By Clive Hill, 9 April 2019
“This situation could have been avoided if Sally and Jake had drafted their divorce order differently,” says Clive Hill, legal adviser at Sanlam Trust. “While dealing with the emotions of divorce, women often overlook crucial aspects of the settlement agreement – which if handled correctly, can prevent needless hardship down the line.” Hill says both divorce parties, but women in particular, need to consider the following:
In the event of the ex-spouse dying, his
minor children will be able to claim for maintenance against the deceased estate, but his ex-wife will not. This can be addressed by stipulating in the settlement agreement to be made an order of court that spousal maintenance obligations will be binding on deceased estate. A lump sum, based on life expectancy, can then be paid out to the ex-spouse from the estate.
This not only concerns maintenance, but medical and education costs. Medical contribution increases are usually much higher than the consumer price index (CPI), as is the cost of private schooling. A more sophisticated approach to annual escalation rates than CPI is needed when calculating these benefits – one needs to look at actual costs.
Pension funds can’t enforce divorce orders which don’t adhere strictly to legal requirements. They must be worded in a very specific way. The order must specify that that the ex-spouse is entitled to a ‘pension interest’, and state the exact share of the interest. The identification of the pension fund in question must also be precise.
The names of the particular policies and insurance companies must be included. However, it is not enough to include details of a change of beneficiary only in the divorce order. If an ex-spouse is to be the new beneficiary, then the intended beneficiary nomination also has to be lodged with the insurance company in question for it to be valid.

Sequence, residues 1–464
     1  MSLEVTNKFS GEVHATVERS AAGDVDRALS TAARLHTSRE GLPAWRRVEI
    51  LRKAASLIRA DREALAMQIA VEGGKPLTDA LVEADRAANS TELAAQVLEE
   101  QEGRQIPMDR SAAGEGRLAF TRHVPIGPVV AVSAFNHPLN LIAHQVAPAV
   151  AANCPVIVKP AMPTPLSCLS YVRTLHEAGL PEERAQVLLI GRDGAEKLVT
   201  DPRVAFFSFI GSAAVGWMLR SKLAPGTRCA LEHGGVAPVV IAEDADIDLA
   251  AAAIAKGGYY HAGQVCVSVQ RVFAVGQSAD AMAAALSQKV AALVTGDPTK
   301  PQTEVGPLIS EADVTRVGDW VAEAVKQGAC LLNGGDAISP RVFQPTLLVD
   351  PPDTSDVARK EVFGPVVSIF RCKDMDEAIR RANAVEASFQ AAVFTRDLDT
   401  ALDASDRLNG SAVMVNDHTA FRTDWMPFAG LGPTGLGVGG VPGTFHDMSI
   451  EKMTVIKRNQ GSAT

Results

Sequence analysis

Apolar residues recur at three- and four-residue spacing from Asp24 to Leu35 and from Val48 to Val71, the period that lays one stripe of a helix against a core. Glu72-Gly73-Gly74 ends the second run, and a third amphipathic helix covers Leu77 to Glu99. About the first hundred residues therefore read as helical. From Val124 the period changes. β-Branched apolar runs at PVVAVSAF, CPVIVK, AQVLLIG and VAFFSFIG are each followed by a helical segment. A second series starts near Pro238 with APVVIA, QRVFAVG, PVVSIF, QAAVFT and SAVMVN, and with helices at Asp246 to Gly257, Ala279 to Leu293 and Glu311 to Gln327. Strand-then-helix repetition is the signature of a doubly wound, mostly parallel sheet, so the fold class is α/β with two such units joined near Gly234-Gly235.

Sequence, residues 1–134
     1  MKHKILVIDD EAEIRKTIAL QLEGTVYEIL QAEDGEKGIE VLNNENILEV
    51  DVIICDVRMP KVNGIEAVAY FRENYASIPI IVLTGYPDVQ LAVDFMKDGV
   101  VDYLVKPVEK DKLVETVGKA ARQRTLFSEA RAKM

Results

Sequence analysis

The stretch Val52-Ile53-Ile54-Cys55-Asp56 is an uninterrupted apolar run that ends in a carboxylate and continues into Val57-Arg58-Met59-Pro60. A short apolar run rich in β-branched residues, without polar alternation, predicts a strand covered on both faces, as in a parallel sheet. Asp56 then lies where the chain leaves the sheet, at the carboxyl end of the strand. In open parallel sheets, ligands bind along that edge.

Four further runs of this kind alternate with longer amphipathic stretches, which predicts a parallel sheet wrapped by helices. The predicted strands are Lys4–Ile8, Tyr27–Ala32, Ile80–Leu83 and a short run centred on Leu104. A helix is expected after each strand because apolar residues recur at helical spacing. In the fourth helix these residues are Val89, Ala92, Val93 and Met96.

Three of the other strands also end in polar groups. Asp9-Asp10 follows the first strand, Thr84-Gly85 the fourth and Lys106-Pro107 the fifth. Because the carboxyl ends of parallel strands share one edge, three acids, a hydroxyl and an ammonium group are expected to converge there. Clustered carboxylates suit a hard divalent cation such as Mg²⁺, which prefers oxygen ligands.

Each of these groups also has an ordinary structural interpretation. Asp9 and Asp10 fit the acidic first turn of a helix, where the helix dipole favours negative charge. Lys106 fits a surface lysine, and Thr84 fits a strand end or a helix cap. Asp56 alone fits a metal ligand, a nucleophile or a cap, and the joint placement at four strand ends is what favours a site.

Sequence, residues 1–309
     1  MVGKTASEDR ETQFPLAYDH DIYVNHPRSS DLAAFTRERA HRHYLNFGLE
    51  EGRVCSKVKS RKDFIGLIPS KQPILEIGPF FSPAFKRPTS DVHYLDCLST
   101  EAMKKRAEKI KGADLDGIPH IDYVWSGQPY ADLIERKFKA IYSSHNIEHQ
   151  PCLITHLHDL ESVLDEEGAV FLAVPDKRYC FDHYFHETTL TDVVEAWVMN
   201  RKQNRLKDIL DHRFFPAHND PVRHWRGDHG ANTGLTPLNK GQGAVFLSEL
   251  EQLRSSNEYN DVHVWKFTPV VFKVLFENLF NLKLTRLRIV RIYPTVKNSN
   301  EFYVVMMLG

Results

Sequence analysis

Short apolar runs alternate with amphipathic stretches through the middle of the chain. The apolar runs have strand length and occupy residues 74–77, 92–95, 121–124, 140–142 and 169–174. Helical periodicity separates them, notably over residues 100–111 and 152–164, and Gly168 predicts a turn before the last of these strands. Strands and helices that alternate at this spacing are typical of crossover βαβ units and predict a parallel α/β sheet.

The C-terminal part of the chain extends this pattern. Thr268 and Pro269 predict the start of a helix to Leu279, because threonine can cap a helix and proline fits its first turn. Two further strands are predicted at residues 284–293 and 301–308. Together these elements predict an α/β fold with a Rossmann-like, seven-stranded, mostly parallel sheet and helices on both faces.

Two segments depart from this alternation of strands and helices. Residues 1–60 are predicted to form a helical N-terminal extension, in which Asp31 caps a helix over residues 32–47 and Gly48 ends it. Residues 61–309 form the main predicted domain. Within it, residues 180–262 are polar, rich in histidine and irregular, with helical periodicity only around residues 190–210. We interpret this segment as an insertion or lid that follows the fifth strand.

Hill says this is becoming a specialist area. Especially in the high net worth market, it is crucial to ensure accurate valuations are done, and it is therefore advisable to appoint a professional appraiser. It is not necessarily a good idea to convert all assets to cash. It may be prudent to transfer the assets themselves to the ex-spouse instead of liquidating them. For instance, it may not be the best time in the market to sell the family house, or to sell shares in a rising stock market.
Business assets are often challenging to liquidate, since the business owner may not be able to dispose of assets without the consent of co-shareholders and without affecting his income-earning capacity. The divorce attorney should thoroughly examine all assets, perhaps securing expert assistance. Looks may be deceiving – the business owner may look wealthy but his venture may have huge debts of which his spouse is unaware.
If her former spouse dies before transfer has taken place, an ex-wife may find herself at the end of a long list of claimants to the deceased estate. No matter what the divorce order states, creditors are also entitled to their share. This also applies if the ex-spouse is still alive and gets into financial trouble – creditors can attach assets which were supposed to have been transferred to the ex-wife.
It should be clear that drafting a divorce order can be a complex matter. Hill says it is essential that each party has their own financial adviser and attorney. Having two specialists who can together come up with solutions for the best possible divorce settlement agreement is invaluable.